Penney, based in Plano, Texas, said that revenue at stores opened at least a year fell 4 percent in September from a year ago, but that was a 5.8 percentage point improvement from August.
The retailer also said that its online sales continue to strengthen. Online sales rose 25.3 percent last month compared with a year ago. That follows a 10.8 percent gain in August. For the third quarter-to-date, online sales are up 18.6 percent.
Penney said that it expects to see improving sales trends for the remainder of the year. Revenue at stores open at least a year is a key gauge of a retailer's health because it excludes the potentially distorting effect of results from stores recently opened or closed.
Its shares rose more than 5 percent in morning trading.
The retailer is trying to recover from a failed turnaround attempt spearheaded by former CEO Ron Johnson. Two weeks ago, the company said it planned to sell up to 96.6 million shares of common stock in a public offering, evidence the chain is looking to shore up its cash reserves ahead of the crucial holiday shopping season.
J.C. Penney Co. said Tuesday it anticipates more than $2 billion in year-end liquidity - a measure of its ready access to cash - after closing on a public stock offering of 84 million shares. The company said that the offering resulted in about $785 million in net proceeds. It also said Tuesday that it remains current in vendor payments
Penney's board ousted Johnson in April after 17 months on the job and rehired the previous CEO, Mike Ullman. Under Ullman, Penney is bringing back frequent sales events that had been ditched and is restoring basic merchandise eliminated by Johnson in a bid to attract more affluent, younger shoppers. Under Johnson, the company brought in trendy names like Betsey Johnson and focused on every day prices, eliminating hundreds of sales.
"Over the last six months, we have made significant strides and are now seeing positive signs in many important areas of the business in spite of what continues to be a difficult environment for consumers and retailers in general," said Ullman in a statement.
Still, Ullman cautioned the company is still in the early stages of the turnaround.
Penney said that the improvement in sales at both its stores and online in September from the prior-year period was due to better inventory levels in key items and having the sizes its shoppers want. However, while traffic improved at its stores not located in malls during September's last two weeks, Penney said that its mall stores are still contending with weak traffic levels.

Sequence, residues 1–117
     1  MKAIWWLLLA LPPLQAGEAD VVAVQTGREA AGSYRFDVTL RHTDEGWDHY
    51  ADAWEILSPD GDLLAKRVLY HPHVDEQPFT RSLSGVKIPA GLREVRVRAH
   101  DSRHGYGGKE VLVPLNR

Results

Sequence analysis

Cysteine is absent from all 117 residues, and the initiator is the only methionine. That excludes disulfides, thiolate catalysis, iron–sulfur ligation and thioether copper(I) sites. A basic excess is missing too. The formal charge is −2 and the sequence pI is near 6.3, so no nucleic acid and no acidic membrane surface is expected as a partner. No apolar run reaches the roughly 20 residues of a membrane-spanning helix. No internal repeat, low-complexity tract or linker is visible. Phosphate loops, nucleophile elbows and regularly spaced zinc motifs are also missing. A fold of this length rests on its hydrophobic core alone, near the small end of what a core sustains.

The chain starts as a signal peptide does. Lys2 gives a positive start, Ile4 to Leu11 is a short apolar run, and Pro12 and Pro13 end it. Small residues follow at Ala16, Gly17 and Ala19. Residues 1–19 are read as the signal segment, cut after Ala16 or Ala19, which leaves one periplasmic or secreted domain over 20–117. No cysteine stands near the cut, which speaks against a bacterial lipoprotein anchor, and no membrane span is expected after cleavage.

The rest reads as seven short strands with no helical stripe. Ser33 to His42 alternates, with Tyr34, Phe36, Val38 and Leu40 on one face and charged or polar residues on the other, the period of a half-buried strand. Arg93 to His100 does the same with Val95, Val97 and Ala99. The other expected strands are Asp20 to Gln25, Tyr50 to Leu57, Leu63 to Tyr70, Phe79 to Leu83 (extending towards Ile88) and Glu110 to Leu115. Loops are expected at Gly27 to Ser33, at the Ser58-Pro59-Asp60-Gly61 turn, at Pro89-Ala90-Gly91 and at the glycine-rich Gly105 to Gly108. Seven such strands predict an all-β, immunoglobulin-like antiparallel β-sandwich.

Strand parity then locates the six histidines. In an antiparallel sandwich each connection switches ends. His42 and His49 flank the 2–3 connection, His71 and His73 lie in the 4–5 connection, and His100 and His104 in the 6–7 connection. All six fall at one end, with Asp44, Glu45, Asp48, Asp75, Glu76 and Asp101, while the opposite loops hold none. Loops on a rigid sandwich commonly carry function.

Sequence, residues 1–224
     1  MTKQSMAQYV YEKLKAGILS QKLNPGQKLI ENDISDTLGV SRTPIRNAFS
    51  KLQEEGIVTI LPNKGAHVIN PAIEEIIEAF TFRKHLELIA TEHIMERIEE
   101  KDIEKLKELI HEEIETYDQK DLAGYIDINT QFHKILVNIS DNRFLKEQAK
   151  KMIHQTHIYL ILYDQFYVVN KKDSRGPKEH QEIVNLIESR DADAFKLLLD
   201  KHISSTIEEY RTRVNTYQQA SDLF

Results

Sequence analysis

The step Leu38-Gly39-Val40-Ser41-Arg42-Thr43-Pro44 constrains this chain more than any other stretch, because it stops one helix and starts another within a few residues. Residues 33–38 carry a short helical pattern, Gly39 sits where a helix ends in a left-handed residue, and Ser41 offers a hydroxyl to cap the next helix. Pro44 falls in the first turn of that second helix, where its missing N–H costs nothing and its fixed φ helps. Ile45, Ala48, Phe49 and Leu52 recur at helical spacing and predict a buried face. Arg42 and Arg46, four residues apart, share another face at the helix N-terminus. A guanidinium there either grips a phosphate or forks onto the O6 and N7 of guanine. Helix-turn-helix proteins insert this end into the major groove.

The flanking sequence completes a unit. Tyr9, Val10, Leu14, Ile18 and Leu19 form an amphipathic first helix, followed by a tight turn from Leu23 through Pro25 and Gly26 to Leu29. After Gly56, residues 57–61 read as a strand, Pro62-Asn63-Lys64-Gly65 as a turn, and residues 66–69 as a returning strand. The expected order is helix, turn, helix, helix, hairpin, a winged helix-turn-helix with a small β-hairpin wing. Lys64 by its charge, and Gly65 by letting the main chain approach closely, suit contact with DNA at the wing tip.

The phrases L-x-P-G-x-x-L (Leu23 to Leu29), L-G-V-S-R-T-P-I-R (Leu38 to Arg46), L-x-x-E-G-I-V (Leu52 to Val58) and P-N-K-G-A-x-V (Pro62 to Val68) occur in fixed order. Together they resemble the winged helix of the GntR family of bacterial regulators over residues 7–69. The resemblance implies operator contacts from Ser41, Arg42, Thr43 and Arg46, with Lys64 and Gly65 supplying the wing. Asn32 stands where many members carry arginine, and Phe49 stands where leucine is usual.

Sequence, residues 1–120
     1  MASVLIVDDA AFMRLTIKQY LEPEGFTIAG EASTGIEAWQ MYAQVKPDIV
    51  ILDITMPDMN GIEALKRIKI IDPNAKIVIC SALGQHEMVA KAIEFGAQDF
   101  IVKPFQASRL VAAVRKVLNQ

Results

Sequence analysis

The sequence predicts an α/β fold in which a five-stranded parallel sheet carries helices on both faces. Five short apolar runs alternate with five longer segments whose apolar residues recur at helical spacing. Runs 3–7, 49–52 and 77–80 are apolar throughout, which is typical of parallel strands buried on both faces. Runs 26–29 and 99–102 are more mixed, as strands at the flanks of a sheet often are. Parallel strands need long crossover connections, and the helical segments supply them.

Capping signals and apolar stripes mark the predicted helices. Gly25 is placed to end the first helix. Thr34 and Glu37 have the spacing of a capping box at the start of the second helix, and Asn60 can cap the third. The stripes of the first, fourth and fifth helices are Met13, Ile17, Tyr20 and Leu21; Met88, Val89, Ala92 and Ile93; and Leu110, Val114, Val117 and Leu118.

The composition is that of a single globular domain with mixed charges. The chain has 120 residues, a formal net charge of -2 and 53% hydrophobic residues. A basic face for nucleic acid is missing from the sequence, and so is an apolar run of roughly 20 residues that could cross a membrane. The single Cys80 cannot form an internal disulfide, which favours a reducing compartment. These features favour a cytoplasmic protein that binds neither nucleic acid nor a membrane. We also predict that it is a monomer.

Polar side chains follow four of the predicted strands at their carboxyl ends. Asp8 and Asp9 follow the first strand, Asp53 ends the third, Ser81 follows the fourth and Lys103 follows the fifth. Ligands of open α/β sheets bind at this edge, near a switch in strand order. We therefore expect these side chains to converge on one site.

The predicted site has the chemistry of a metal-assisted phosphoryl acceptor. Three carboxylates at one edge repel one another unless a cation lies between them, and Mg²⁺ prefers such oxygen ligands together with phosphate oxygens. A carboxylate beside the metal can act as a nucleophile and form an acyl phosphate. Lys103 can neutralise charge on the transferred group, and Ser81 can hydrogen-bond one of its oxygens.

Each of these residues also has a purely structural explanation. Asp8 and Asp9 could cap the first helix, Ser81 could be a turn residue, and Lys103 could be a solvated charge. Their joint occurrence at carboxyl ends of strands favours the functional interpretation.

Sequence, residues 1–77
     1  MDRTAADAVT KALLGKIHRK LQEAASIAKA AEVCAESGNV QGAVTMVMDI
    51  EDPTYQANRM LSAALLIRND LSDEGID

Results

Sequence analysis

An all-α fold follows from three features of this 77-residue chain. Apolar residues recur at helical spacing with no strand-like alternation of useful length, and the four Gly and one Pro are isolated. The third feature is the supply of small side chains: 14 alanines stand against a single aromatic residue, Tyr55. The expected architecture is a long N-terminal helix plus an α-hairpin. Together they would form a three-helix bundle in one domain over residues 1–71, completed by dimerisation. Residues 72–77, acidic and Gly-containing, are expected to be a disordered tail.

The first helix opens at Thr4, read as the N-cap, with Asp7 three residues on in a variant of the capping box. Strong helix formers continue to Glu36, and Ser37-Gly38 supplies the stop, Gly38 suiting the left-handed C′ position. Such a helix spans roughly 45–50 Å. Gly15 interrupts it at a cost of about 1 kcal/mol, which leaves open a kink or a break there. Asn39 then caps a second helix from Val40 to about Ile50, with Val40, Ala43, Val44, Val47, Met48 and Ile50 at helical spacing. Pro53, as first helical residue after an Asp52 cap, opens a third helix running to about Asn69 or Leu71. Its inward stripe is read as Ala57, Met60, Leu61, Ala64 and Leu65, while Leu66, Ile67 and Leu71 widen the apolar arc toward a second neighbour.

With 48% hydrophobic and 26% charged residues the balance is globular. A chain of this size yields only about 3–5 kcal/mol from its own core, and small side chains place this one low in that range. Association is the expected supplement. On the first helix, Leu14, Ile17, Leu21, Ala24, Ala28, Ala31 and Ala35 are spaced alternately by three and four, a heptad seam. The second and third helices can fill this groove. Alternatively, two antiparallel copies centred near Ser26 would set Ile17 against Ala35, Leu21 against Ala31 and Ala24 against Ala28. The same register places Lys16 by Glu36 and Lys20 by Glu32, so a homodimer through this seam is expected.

Penney noted that its profit margins continue to be hurt by heavy promotions to get rid of the overhang of inventory from the first two quarters of the year.
Meanwhile, Penney noted that fixing the new home departments has been more challenging than originally planned.
Under Johnson, Penney had overhauled its home areas in about 500 of the 1,100 Penney stores, bringing in such new names as Jonathan Adler and Michael Graves. The home areas were reopened in May. But Penney said in August that the overhauled home areas have been weak. Penney is now working to have a more balanced mix of modern and traditional home furnishings at better price points and making the shopping layout easier for shoppers.
Penney said Tuesday that it has reopened "all but a handful" of its 505 new home departments. But home sales are still weak at its stores.
Also on Tuesday, Sterne Agee analyst Charles Grom downgraded Penney's rating to "Hold" from "Buy" and cut its price target in half, to $9 from $18. Groms said in a client note that he fears former CEO Johnson may have permanently turned off the retailer's core customer.
Ullman said Tuesday that reconnecting with customers and getting them into stores is a top priority for the chain.
"We are all dedicated to continuing the momentum underway and restoring J.C. Penney to a leadership position in American retail. It will take time, but we are on the right path with a sound strategy and achievable goals," he said.
The company is slated to report its fiscal third-quarter results next month.
Its shares rose 40 cents, or 5.2 percent, to $8.11 in morning trading. Shares have lost 82 percent of their value since early February of 2012 when investor enthusiasm was high about Johnson's turnaround plan. Since the beginning of this year, shares have been down 61 percent.